Wednesday, May 30, 2007

Why Real Reform Never Happens

Seems as if politicians everywhere are running away from responsibility; they just hand problems to their kids. As highlighted by Andrew Samwick from the pages of the Wall Street Journal:

Pension Crash Landing
May 29, 2007; Page A14
When Congress passed a broad pension reform last year prodding companies to get their retirement programs in order, it seemed too good to be true. Now we know it was.
That's the lesson of an amazing bit of corporate welfare the Senate tucked into the
war supplemental last week. Last year's bill included a hard-fought political compromise: Carriers that agreed to a "hard freeze" of their pension plans would be allowed to use a higher interest rate in calculating their plans -- which would reduce their net liabilities. The idea was to discourage airlines from buying union peace by running up their pension tabs, which they might later dump on taxpayers. A few airlines, such as Northwest and Delta, took this medicine.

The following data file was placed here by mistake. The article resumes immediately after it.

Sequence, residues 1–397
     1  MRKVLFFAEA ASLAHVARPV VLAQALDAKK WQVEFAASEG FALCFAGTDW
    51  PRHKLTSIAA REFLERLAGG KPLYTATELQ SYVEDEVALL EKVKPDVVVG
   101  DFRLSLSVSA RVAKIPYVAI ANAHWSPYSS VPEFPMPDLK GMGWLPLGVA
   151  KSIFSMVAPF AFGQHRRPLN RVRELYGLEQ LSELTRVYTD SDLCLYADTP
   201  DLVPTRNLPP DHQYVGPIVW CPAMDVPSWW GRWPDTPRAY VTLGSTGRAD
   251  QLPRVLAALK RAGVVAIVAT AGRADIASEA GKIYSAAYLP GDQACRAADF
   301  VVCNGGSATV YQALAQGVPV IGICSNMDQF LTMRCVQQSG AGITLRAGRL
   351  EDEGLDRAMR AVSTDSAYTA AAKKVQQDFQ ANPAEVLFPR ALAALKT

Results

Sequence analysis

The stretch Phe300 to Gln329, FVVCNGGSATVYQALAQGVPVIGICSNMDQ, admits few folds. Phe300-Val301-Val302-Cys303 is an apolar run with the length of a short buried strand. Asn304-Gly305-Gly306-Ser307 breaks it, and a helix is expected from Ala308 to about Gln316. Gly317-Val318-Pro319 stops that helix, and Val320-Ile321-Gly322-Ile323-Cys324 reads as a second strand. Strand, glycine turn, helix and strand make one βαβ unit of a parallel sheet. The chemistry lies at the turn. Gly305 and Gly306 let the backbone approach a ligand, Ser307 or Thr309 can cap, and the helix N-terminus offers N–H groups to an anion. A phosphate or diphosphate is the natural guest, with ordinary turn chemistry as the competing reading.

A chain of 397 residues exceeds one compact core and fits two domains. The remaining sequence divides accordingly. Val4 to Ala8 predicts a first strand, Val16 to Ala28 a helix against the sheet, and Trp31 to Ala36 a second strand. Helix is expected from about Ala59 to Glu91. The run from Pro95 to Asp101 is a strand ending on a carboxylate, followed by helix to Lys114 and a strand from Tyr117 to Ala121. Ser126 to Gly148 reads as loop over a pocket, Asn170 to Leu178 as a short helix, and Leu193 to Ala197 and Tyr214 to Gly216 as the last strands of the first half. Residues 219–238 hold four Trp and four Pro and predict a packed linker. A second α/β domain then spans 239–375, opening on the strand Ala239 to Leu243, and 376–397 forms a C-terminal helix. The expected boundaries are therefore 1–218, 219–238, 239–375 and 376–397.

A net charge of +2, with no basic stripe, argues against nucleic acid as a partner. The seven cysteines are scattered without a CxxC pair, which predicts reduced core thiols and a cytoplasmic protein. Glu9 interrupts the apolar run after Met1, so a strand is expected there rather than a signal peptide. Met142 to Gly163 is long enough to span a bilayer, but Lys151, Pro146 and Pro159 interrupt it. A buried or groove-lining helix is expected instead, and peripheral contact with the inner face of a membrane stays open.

Their competitors, namely American and Continental, headed back to the Beltway and last week their lobbying blew apart last year's compromise. Under the Senate's backroom fix, the airlines can use a higher interest rate even if they promise higher pension benefits. The airlines claim this is about "leveling the playing field," which makes little sense because American and Continental could have accepted the same rules all along. This is about giving those two a competitive advantage over other airlines that have already agreed to play by the reform rules.
The taxpayer-backed Pension Benefit Guaranty Corp. is obliged to bail out any company that can't meet its pension obligations, so there is once again little reason for these airlines to practice any pension restraint. The PBGC conservatively estimates that this airline fixeroo [sic] will result in an additional $2 billion in underfunded pension obligations over the next 10 years.

The drafters of this ornament were nothing if not clever; by including this in a war supplemental, they made it veto proof. At the state level – ignoring the pension problem seems to be the order of the day. Current efforts at addressing the $24 Billion unfunded liability consist of deferring the problem to future years. A recent article in the Detroit News illustrates the problem I've been harping on for years - but the News missed the opportunity to highlight the $14 Billion unfunded liability associated with the healthcare promises made in the pension plan. Maybe they're waiting for parts 2 and 3.

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